Readers’ wildlife photos

May 19, 2022 • 8:00 am

Today’s batch comes from ecologist Susan Harrison, whose notes and IDs are indented. Click on the photos to enlarge them, and don’t forget to keep those pictures coming in!

The northern end of California’s Redwood Coast, from Smith River to the Klamath River, Feb. 11-13, 2022

Calm harbor waters, Crescent City:

Red-breasted Merganser, Mergus serrator:

Horned Grebe, Podiceps auratus:

Pelagic Cormorant, Phalacrocorax pelagicus:

Common Loon, Gavia immer:


Rocky shores and beaches, near the mouth of the Smith River:

Gulls (Larus), of which expert birders saw six species in this flock: Western (L. occidentalis), California (L. californicus), Herring (L. smithsonianus), Glaucous-winged (L. glaucescens), Short-Billed (L. brachyrhynchus) and Icelandic (L. glaucoides):

Peregrine Falcon, Falco peregrinus:

Surf Scoter, Melanitta perspicillata:

Sanderling, Calidris alba, showing why it was given the Old English name sand-yrðling, “sand-ploughman” (per Wikipedia):


Redwood forest, near the mouth of the Klamath River:

Northern Pygmy Owl, Glaucidium californicum:

Northern Pygmy Owl eating an Alligator Lizard (Elgaria sp.) in swirling coastal fog:

Varied Thrush, Ixoreus naevius:

Salamander, Ensatina sp., one of the remarkable ‘ring species’ complex studied by the late David Wake and colleagues (

Cultural artifacts around Crescent City:

Shell middens (white scatter in foreground) left by Tolowa people beside a now-vanished village at Point St. George; this is the third westernmost continental point in the lower 48 states:

Battery Point Lighthouse at Crescent City Harbor, built in 1856 and still flashing its Fresnel lens:

Lighthouse Jetty, a 3,400-foot rock and concrete breakwater at Crescent City Harbor, built in 1957:

Happy Amphibian Week!

May 6, 2022 • 1:45 pm

by Greg Mayer

May 1-7, 2022, is Amphibian Week, which is being celebrated by anurophiles, salamander lovers, and caecilianists all over the country, including Partners in Amphibian and Reptile Conservation (PARC), the National Park Service, the Fish and Wildlife Service, and the National Zoo. We’re late to the party here at WEIT, but better late than never!

A bullfrog (Rana catesbeiana) on the shore of Greenquist Pond, Somers, WI, 5 May 2021.

And speaking of late, it’s been a very late season for amphibians here in southeastern Wisconsin. The picture above is from May, 2021, because it’s been a very cold spring, and there’s been hardly any amphibian activity. Normally, chorus frogs (Pseudacris triseriata) begin calling in mid-March; this year I first heard them on April 7, and, since then, calling has been only sporadic. A year ago, American toads (Bufo americanus) began trilling the first week of May; I haven’t heard any yet. I have seen one adult bullfrog, in the last week of April. It was actually quite large– I spotted it with my naked eye across the Pond while scanning for turtles. (Turtles are out, but not in large numbers or consistently.)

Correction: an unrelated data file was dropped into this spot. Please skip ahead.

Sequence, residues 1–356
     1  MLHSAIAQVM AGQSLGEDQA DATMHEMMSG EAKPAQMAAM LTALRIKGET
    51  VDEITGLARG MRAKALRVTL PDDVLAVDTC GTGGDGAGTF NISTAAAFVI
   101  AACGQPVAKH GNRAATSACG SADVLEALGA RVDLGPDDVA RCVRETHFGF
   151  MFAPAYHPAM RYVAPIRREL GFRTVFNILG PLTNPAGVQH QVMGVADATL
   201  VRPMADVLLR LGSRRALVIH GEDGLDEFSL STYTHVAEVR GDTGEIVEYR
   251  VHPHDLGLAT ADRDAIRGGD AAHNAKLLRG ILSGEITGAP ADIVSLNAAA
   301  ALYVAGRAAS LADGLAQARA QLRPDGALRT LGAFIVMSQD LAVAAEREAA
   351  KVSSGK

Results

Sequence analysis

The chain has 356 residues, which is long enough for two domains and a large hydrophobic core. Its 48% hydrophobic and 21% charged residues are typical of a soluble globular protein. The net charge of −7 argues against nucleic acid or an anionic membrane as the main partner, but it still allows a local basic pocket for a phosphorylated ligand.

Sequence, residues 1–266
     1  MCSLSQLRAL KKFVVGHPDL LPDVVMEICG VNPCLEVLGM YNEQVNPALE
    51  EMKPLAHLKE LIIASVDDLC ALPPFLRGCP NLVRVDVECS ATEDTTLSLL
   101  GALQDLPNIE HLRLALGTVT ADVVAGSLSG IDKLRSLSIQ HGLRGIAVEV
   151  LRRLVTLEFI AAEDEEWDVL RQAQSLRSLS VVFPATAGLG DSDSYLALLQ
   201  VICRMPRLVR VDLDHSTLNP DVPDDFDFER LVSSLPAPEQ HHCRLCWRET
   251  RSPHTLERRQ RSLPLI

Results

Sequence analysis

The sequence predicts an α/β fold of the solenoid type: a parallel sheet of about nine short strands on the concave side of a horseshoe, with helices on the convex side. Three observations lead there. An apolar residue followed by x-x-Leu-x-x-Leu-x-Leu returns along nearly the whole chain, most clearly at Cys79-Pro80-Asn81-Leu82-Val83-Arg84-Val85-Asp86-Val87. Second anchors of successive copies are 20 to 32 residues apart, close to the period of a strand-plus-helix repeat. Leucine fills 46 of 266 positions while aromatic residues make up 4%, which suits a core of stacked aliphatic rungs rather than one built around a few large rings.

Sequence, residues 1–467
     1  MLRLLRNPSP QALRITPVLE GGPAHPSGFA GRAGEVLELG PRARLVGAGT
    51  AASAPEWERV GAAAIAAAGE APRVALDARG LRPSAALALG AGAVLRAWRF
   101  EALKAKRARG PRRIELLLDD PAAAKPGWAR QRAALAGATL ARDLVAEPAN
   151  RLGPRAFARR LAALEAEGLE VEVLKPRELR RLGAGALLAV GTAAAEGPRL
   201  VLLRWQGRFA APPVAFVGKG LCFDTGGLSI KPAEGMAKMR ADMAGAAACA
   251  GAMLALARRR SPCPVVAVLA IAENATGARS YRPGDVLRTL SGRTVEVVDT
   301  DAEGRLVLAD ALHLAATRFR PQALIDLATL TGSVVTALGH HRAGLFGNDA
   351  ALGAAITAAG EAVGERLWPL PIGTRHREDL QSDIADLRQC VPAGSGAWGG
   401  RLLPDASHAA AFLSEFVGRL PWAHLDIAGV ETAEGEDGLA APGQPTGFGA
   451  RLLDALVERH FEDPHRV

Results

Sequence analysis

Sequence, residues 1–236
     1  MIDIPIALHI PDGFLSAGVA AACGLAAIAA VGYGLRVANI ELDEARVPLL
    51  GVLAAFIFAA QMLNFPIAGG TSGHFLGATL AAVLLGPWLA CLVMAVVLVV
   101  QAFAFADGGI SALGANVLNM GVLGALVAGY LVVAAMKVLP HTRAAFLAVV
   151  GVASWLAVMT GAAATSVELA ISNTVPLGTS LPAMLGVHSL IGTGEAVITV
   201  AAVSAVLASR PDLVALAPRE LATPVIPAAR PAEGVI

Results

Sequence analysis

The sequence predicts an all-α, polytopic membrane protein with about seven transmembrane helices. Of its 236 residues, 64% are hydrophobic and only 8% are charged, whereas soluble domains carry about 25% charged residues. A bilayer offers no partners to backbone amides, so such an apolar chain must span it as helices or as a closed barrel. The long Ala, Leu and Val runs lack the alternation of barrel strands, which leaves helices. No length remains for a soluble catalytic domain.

Among the participating organizations is the Department of Defense PARC, which is charged with protecting and managing amphibians and reptiles on military lands, and they have been sending interesting items all week. One of the most fun ones for me was an amphibian identification quiz. It was done as a Powerpoint file, but I can’t figure how to set it up here in WordPress, so you’ll have to take my word for it 🙁 . They sent a nice guide to modern amphibian origins:

And this set of links:

  • When folks think of migration, usually, people think of birds and whales carrying out this process. However, did you know that some of our amphibians migrate, too? When the night is right, thousands of spotted salamanders will make their way to temporary wetlands known as vernal pools to breed in the spring. Checkout this great video by the Tennessee Aquarium:
  • If you find an amphibian in need, check out this video on how to safely assist:
  • Looking for some educational inspiration to teach about salamander migration and vernal pools? If so, check out this resource list put together by Of Pools and People:
  • Check out how the Boreal Toad was brought back to Colorado by biologists working to reintroduce the species and how they’ve been affected by a decimating fungus:
  • Gifford Pinchot National Forest biologists created breeding habitat for the threatened Oregon Spotted Frog through an innovative interagency conservation project in this video:
  • Scientists at Olympic National Forest are using environmental DNA (eDNA) to look for the presence of amphibians through samples taken from water bodies. This helps them find those amphibians on the move, even if they cannot see them!:

We’ll finish up with DOD PARC herpetologists in the field and lab (yes, some of these feature reptiles, not amphibians).

Readers’ wildlife photos

January 26, 2022 • 8:45 am

Today we have a panoply of taxa from reader Scott Goeppner. His notes are indented, and you can enlarge the photos by clicking on them.

These photos were all taken around Stillwater, Oklahoma:
Physa acuta at Sanborn Lake in Stillwater OK. These freshwater snails are common at pretty much any location in Oklahoma with water, along with other species of Physa.

Planorbella (Helisoma) sp., most likely Planorbella trivolvis from Sanborn Lake. Another very common freshwater snail in Oklahoma.

Spined micrathena (Micrathena gracilis) near Sanborn Lake:

Eastern Pondhawk (Erythemis simplicicollis) next to Sanborn Lake:

Pearl Crescent butterflies (Phyciodes tharos) on the edge of Boomer Lake in Stillwater OK.:

Green-striped grasshopper (Chortophaga viridifasciata) – Teal Ridge wetland in Stillwater OK:

Obscure bird grasshopper (Schistocerca obscura) – Teal Ridge wetland: